A dream city would have a GP that doesn’t threaten to send social services to your door for opening up when you are struggling, because that is the main reason a lot of young mums are struggling with their mental health because they are afraid of losing their kids.

Working with young mums

Firstly, we must listen and respond to the needs of young mums. For too long their voices have been ignored. Their needs must be considered within service and policy design at both a national and local level.

Secondly, investment in universal and preventive services is required. Where young mums felt most valued, was when they received support tailored for them. Yet many services delivering support have faced significant financial pressures in recent years.

Many girls and women are also unable to access support from NHS specialist mental health services due to a lack of capacity in the system. The Maternal Mental Health Alliance estimate that between January and December 2021, over 16,000 women in need of support from perinatal services were not able to access specialist care. It is crucial that specialist services receive sufficient funding and resource to ensure all girls and women can access the support they need.

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I think the actual maternity staff within the birthing unit postnatal and antenatal need to be trained in mental health because that’s where my mental health spiralled…I just assumed that these people were trained in that.

Finally, if a single word had to be chosen from this report which impacts experiences and services, it is ‘stigma.’ This was repeated numerous times and truly changed what the young mums shared, and consequently which services were accessed.

The young mums highlighted that having someone to advocate on their behalf, if needed, was important however – this is a delicate space and will need clear communication. The aim would be to support and empower not to disempower. The way to get to this point is by building rapport and demonstrating trust and understanding. This could simply be by giving examples of how you have worked with young mums before and share the different positive outcomes.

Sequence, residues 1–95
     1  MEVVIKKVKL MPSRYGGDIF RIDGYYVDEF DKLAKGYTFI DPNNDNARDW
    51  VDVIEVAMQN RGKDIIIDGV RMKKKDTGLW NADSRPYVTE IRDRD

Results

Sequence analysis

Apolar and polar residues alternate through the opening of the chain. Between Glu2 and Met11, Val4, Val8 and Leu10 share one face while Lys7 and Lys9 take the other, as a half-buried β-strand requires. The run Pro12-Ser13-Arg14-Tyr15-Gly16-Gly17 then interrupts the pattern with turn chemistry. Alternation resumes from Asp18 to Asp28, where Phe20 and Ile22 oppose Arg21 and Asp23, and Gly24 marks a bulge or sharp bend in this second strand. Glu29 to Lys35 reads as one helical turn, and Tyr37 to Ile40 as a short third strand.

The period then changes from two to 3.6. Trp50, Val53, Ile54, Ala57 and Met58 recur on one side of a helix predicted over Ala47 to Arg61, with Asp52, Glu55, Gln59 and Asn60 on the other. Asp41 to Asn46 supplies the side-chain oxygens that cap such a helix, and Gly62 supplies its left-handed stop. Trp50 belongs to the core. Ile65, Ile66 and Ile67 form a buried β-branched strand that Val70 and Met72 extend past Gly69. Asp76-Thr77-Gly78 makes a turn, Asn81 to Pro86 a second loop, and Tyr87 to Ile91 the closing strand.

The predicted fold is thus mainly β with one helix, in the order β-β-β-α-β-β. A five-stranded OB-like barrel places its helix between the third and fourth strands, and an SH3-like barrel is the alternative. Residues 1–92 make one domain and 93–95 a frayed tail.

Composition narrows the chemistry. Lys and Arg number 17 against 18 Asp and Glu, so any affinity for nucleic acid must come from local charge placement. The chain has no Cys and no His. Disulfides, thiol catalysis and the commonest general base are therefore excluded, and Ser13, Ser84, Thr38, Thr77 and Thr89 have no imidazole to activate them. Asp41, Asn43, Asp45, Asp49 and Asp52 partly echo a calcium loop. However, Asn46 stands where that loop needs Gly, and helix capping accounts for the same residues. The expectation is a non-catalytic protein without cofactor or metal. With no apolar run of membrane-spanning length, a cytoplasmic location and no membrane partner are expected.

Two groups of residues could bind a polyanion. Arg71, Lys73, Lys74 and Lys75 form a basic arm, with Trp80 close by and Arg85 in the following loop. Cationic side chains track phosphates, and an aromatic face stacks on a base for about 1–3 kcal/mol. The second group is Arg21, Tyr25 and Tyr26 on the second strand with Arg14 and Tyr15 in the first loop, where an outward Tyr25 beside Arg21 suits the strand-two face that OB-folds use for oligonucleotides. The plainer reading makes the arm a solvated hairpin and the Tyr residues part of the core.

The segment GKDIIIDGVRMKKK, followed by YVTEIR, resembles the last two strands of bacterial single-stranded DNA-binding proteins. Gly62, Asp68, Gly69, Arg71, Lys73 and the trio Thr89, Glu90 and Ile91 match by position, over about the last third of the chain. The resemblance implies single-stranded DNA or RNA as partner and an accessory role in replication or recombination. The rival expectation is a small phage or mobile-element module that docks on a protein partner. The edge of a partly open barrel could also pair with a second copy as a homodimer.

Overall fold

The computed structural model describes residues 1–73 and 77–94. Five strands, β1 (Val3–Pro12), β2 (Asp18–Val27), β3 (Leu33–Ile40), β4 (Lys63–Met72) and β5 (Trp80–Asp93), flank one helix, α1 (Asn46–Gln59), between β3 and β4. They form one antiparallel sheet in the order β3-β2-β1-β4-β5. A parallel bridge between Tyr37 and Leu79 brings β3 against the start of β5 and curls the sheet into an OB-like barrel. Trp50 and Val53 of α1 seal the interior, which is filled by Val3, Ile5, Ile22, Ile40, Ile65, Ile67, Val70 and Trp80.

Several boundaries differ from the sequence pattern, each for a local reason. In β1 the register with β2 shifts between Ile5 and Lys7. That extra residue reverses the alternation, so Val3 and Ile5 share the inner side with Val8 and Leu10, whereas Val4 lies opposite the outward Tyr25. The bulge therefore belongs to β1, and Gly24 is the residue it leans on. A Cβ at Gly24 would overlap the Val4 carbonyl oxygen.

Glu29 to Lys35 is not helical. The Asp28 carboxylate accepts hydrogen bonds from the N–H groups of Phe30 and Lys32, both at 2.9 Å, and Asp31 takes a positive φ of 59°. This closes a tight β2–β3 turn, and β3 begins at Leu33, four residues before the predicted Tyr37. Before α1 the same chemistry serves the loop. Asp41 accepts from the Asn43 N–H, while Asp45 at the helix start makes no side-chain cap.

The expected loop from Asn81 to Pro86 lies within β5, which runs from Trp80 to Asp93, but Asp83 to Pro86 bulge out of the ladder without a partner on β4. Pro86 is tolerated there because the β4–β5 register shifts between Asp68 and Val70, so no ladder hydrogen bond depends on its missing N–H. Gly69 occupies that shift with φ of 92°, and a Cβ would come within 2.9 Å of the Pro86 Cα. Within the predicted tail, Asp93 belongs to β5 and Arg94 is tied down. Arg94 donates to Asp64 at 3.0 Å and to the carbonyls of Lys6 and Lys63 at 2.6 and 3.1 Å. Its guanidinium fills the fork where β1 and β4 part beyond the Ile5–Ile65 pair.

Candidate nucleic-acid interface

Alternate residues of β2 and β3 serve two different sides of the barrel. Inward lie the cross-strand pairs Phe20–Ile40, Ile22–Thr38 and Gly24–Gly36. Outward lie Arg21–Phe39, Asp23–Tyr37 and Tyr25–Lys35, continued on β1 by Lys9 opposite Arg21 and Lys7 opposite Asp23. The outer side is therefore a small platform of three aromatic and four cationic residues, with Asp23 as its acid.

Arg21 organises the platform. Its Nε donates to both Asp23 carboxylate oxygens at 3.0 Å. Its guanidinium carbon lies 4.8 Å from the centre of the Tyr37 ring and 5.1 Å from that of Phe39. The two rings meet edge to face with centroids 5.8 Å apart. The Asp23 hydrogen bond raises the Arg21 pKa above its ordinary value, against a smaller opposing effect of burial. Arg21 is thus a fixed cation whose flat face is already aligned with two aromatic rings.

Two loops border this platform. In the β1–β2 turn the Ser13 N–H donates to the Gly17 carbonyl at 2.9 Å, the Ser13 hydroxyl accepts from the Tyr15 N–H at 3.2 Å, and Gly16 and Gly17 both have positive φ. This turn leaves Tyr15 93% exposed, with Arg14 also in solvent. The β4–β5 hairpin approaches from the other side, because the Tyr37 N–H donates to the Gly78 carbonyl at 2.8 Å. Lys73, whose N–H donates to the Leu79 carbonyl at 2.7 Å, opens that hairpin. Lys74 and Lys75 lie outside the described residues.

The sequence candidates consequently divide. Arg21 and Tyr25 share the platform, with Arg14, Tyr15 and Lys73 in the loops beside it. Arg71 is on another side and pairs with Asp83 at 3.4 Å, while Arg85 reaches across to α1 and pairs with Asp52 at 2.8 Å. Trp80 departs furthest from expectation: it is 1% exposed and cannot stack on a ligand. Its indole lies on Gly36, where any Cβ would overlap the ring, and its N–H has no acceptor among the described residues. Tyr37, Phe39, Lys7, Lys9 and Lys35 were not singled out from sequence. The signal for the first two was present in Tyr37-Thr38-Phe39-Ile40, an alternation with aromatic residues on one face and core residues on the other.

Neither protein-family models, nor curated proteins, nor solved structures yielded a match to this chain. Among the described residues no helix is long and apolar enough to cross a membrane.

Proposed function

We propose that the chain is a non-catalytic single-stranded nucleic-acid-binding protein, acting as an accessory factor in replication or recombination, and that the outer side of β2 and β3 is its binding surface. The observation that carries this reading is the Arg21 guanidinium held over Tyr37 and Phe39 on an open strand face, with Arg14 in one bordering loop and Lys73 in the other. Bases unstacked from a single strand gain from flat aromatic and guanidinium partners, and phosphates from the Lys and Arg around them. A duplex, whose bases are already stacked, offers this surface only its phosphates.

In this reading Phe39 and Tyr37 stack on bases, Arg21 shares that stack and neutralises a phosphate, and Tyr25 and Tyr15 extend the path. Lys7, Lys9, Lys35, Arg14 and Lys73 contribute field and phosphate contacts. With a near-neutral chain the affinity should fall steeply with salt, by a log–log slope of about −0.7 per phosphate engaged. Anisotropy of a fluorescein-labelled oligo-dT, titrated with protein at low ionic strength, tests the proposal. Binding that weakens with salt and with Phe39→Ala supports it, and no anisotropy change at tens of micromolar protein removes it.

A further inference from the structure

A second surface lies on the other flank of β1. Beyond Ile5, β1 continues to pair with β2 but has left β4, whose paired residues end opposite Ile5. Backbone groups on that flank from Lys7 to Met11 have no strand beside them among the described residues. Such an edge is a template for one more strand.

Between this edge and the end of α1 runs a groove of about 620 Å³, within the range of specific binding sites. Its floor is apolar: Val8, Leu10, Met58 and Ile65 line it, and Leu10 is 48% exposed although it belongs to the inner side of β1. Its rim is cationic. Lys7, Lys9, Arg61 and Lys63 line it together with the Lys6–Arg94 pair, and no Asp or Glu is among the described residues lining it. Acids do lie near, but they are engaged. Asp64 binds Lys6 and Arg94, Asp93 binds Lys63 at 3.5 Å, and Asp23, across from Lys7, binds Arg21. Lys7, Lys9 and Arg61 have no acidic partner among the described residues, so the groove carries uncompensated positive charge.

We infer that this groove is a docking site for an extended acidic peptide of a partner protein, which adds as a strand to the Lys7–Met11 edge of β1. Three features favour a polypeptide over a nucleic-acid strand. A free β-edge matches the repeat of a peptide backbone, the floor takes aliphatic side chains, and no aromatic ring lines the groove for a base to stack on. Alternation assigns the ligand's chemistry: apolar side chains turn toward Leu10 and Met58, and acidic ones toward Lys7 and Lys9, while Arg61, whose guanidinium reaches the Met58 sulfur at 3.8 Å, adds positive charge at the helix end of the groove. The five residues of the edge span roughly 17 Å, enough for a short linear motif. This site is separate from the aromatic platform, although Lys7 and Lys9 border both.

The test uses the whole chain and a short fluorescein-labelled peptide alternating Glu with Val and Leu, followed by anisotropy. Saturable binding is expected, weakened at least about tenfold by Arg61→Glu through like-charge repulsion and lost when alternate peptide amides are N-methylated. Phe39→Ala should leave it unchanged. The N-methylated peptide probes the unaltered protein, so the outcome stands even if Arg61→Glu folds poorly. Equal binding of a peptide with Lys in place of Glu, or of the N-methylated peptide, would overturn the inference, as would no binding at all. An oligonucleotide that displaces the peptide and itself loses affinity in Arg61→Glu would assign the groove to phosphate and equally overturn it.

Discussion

Any assumptions need to be left at the door and the language cannot be judgemental as both will impact experiences and access to services. At every touchpoint with a young mum, there is a moment of opportunity to support, and the evidence is telling us that the longer we do nothing the longer the suffering. This along with the stigma is unnecessary and avoidable.

We need to be mindful that the timing of the pregnancy and caregiving for young mums can often coincide with their education. The inclusion of education support was highlighted and the young mums want to continue learning AND be a parent so are seeking support to make this happen.

Somebody that understands and is there to listen to you.

For too long, young mums’ needs and views have been ignored. It is time their experiences were listened to, and their needs centred in the planning of perinatal mental health support.

Discover the research

The Maternal Mental Health Experiences of Young Mums

CYPMHC X MMHA Pdf, 1.7mb

Published: October 2023

This joint briefing by the Maternal Mental Health Alliance and the Children and Young People’s Mental Health Coalition explores the maternal mental health experiences of young mums aged 16-25. We gathered first-hand insights from young mums and conducted a rapid review of relevant literature.

Summary Briefing: The Maternal Mental Health Experiences of Young Mums

CYPMHC X MMHA Pdf, 781.6kb

Published: October 2023

Summary of the briefing from the Children and Young People’s Mental Health Coalition and the Maternal Mental Health Alliance which explores the maternal mental health experiences of young mums aged 16-25.

Parliamentary Briefing: The Maternal Mental Health Experiences of Young Mums

CYPMHC X MMHA Pdf, 191.4kb

Published: October 2023

Support for young mums aged 16-25 has been notably absent from the policy agenda in recent years. Whilst efforts have been focused on reducing the number of teenage pregnancies, less attention has been paid to the support needs of young mums and historically young parenthood has been framed as a problem.